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i reserve the balance of my time. the speaker pro tempore: the gentlewoman from michigan reserves the balance of her time. the gentleman from pennsylvania is recognized. >> madam speaker, i yield myself such time as i may consume. the speaker pro tempore: the gentleman is recognized. >> this bill is not a serious attempt to address the debt issue in this in a way dealing with the difficult choices we need to make. we have within here before, we know what happens when we govern with this kick the can down the road mentality. the effect again gwen is the constitutionality this bill is also dangerously unclear. mr. brady: i was not on the floor last week when my colleagues red the constitution. they may have reached the 27th amendment. i am not a constitutional attorney. i am not an attorney in any way. i make no apologies for that. no law varying the compensation for the service of the senators or representatives shall take effect until election of representatives shall have intervened.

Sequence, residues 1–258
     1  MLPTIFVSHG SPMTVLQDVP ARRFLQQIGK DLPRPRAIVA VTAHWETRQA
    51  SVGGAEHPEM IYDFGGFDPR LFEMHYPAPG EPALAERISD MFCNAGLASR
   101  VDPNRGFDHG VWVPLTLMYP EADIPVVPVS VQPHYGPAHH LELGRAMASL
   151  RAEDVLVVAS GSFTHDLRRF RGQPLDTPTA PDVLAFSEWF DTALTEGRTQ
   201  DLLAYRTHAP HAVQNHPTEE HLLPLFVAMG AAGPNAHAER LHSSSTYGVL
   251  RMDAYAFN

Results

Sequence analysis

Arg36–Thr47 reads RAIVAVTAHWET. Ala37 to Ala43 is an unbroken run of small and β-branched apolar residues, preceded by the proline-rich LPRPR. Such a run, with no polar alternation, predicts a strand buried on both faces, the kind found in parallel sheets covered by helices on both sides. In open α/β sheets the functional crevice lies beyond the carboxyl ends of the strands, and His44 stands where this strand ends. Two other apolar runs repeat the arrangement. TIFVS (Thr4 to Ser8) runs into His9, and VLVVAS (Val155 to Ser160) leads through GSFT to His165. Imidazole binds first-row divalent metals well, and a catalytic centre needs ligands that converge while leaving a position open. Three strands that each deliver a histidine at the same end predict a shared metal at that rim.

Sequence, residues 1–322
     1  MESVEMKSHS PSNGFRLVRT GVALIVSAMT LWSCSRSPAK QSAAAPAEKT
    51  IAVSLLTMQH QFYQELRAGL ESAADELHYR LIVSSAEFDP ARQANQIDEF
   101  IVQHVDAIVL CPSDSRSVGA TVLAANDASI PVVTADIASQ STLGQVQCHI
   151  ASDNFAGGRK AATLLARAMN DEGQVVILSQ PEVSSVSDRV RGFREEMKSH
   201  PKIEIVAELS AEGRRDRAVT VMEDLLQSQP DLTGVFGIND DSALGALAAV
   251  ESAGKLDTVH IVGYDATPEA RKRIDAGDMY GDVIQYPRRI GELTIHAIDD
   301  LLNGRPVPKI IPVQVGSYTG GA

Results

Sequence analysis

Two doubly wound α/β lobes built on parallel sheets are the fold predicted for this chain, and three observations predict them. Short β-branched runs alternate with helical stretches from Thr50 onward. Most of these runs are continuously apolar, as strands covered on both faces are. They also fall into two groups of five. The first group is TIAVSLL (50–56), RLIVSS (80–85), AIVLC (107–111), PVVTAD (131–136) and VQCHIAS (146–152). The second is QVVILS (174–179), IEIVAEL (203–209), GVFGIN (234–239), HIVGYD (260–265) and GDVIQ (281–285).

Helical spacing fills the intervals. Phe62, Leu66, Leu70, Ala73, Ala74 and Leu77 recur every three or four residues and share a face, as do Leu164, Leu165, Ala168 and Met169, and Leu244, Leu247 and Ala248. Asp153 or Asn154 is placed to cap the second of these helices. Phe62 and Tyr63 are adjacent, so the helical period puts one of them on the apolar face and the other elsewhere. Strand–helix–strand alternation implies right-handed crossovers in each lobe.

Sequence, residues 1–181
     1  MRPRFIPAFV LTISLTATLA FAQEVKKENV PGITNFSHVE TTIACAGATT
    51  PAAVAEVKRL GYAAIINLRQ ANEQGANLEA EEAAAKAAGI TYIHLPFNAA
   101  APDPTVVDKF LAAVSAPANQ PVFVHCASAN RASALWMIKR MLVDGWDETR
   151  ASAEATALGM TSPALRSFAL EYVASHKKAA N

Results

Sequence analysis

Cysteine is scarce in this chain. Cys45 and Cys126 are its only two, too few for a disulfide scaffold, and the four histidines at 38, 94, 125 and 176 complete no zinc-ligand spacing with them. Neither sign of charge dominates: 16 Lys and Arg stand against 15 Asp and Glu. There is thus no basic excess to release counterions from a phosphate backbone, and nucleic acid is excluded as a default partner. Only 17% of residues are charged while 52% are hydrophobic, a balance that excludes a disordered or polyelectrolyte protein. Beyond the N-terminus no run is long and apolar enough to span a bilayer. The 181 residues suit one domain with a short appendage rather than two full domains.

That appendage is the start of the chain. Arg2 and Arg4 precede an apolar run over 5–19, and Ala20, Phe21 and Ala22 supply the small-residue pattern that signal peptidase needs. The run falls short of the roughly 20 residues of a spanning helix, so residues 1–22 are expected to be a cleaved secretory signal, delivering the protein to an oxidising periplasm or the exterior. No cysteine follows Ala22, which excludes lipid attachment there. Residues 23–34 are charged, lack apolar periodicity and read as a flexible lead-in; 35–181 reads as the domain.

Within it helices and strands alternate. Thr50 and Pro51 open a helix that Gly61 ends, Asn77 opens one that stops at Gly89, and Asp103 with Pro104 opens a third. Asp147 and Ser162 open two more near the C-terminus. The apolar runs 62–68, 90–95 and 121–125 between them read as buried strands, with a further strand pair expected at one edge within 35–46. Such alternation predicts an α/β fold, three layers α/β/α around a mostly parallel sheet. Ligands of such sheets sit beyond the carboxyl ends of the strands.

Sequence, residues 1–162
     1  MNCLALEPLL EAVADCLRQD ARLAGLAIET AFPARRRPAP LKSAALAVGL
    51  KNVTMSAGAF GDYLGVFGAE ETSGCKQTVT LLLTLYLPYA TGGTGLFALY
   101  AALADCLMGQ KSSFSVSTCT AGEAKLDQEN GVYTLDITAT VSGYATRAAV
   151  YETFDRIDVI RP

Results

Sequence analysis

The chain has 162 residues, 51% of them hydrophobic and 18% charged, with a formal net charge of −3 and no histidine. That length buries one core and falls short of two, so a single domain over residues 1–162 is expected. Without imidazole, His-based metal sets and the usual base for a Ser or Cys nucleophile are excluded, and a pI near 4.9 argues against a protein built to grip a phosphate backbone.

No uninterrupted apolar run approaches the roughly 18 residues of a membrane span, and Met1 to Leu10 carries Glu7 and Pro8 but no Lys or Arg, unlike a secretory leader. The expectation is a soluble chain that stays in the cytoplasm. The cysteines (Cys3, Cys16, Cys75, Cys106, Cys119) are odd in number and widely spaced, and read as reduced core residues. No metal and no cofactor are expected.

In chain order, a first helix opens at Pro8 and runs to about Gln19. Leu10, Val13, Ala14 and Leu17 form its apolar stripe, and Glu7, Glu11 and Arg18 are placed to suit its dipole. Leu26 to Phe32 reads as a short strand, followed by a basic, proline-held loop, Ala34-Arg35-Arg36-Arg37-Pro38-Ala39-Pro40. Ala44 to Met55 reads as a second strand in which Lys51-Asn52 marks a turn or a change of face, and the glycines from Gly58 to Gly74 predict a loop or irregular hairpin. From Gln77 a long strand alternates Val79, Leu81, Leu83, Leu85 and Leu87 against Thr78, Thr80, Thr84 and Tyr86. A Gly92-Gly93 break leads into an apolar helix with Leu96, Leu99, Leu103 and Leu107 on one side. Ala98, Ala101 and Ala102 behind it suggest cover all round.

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varying is the, again, as my friend did say, the tune -- opportune word. if you are not getting a paycheck in montreal, and you wait for 18 months -- in a month and you wait for 18 months, that's varying. it could be in my opinion a constitutional problem, but be that as it may, do i commend the majority that congress must pay its bills. that raising the debt ceiling isn't about spending more money, it's about paying for bills we already incurred. there is a bipartisan acknowledgement how difficult and serious the challenges before us have become, however, this proposal is just another attempt to yet again put the discussion off for another day. madam speaker, i came and saw the sign, no budget, no pay. probably should say no budget, delayed pay. but it sounds better when you say no budget, no pay. that means we may not be getting paid. we'll get made. it will be delayed. every year in this house we do